10.  Watering - I have found the best way to know when you need to water is through experience...if the seedlings wilt, definitely time for water, however, if you will take a dry container, feel the weight of it, then take a soaked container and feel the weight of it, you will know when your plants need water...IMO this works better than moisture gauges or being on a set watering schedule...over watering will make your plants die over time...
 
11.  Transplant time - if using seed starting trays, transplant only when the roots start growing out of the bottom...remember, the health of your root ball determines the health of your plant.  Transplanting several times to increasingly larger containers improves the health of the plant by making a more compact root ball, not root bound, just a good network of nice hairy roots.  Something like this works really well...seed starting tray (3 weeks) to 3" square containers (3-4 weeks), to 6" containers (3-5 weeks) , to 2-3 gallon (2 months) to 5 gallon etc...however, because I grow so many plants, I only transplant three times...from seed starting tray to 3" container to 6" container to 5 gallon container....then during the season, I may transplant to 10 gallon containers...
 
enjoy growing...for those not growing in containers, go to ground or raised bed after 6" container....
 
If I have left anything out or if anyone simply disagrees with this method, please say so...I probably won't change but the process can be tweaked to fit your style of growing....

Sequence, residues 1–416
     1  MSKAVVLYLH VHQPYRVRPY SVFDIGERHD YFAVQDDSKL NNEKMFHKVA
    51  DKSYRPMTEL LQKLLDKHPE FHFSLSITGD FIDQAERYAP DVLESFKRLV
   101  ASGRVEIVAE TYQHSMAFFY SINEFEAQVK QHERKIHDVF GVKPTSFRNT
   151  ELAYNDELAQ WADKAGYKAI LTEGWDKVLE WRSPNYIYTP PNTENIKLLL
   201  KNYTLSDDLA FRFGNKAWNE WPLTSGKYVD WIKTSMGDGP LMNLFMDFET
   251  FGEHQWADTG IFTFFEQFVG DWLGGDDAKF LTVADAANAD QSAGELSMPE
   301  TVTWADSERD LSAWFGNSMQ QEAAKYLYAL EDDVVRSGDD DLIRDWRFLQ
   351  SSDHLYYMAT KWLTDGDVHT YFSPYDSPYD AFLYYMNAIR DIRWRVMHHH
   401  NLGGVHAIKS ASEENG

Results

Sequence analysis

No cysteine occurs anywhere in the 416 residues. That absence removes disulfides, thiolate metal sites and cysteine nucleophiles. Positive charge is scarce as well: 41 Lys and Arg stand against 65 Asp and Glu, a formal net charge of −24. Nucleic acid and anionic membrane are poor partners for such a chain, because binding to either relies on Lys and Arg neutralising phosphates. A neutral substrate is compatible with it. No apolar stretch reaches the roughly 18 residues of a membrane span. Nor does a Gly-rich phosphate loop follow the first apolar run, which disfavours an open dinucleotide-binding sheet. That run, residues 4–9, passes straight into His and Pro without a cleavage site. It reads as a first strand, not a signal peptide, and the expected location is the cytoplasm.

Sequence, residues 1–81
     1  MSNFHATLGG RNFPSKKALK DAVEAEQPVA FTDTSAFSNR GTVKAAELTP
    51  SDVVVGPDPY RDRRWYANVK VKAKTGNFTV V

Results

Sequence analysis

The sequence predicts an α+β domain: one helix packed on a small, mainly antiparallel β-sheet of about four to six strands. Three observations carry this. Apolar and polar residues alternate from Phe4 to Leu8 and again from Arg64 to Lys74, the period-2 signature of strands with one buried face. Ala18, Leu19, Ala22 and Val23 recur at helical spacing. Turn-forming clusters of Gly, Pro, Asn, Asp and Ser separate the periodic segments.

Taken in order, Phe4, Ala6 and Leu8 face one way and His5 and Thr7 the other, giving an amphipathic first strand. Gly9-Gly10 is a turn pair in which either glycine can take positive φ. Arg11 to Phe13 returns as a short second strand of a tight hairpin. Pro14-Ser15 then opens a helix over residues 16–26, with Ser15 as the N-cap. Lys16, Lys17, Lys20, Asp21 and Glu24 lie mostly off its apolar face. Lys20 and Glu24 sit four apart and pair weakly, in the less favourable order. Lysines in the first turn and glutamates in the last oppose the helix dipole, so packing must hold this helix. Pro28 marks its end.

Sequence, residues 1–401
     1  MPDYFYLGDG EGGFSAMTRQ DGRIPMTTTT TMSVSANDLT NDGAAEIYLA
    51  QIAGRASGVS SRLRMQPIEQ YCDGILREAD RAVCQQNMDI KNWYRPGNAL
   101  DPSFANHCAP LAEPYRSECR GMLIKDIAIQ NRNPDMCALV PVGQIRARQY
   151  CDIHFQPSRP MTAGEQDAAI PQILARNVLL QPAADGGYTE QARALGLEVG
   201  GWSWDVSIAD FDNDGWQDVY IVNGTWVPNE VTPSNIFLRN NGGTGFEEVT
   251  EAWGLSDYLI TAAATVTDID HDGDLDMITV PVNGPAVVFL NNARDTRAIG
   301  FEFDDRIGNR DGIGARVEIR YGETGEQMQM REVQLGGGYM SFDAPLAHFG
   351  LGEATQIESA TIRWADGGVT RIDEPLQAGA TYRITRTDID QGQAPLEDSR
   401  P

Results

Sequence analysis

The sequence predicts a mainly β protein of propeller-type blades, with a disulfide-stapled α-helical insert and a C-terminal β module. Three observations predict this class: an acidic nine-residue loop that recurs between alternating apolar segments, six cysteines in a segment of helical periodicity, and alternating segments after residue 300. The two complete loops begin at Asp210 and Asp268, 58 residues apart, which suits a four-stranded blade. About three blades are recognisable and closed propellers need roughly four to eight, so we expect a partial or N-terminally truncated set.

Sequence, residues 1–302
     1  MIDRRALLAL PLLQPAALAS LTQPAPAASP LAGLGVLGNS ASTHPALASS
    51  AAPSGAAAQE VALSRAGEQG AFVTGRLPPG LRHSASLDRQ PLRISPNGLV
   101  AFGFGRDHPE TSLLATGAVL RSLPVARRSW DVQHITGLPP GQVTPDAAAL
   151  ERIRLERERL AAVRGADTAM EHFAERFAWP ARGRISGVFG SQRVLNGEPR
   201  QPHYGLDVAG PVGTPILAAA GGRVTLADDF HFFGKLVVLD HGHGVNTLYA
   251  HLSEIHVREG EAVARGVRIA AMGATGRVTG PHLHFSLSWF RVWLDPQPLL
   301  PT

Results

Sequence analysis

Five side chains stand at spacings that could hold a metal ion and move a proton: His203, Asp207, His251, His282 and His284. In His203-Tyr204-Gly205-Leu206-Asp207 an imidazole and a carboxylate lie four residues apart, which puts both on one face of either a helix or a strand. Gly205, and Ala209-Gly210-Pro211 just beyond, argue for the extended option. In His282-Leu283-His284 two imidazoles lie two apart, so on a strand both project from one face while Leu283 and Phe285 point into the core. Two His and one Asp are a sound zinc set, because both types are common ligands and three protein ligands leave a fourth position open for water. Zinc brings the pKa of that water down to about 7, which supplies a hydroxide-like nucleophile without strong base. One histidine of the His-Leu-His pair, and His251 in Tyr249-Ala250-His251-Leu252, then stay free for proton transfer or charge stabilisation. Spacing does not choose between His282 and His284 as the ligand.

AlabamaJack

Extreme Member
oh, and by the way....
 
once I start my seeds, I never visit any place that has plants for sale simply because I don't want to be the transportation vector of any garden pest to my grow
 

midwestchilehead

Extreme Member
Good idea. I brought something into my greenhouse last year infected with scale, and it greatly reduced production of everything I had in there. I will stick to my own stock from now on,
 
AlabamaJack said:
oh, and by the way....
 
once I start my seeds, I never visit any place that has plants for sale simply because I don't want to be the transportation vector of any garden pest to my grow
 
 
I agree with everything except the bit about using harsh chemicals. Human cells react negatively to harsh chemicals.... so its obvious that plants cells would too! Keep tools clean but definitely dont use chemicals.
 

AlabamaJack

Extreme Member
IdahoPepper said:
Thanks for putting this together. How many hours of lighting do you give your early sprouts?
 
24/7 the first month then I back off to 16/8....just my choice...
 
DiddleDatil said:
I agree with everything except the bit about using harsh chemicals. Human cells react negatively to harsh chemicals.... so its obvious that plants cells would too! Keep tools clean but definitely dont use chemicals.
 
"Sanitize all tools/work areas/germination areas/trays before starting"... ​I thought it would be pretty evident I didn't use the chemicals once I start my seeds...and I use nitrile gloves during my cleaning.  After the initial cleaning, I keep what tools I use in a 10% bleach solution and rinse them thoroughly before use
 
"I probably won't change but the process can be tweaked to fit your style of growing.... ​"
 
AJ 
 
Clean all your tools and hands first.
 
Take a piece of paper towel and a ziplock plastic bag
 
IMG_8543 by Willard Bridgham, on Flickr
 
 
Spread seeds  on the paper towel and insert it in the baggie
 
 
IMG_8544 by Willard Bridgham, on Flickr
 
 
 
Wet the paper towel....wet, not soppy and close the plastic bag
 
 
IMG_8545 by Willard Bridgham, on Flickr
 
 
Put the plastic bag in a place that is 85F (measure, don't guess) and wait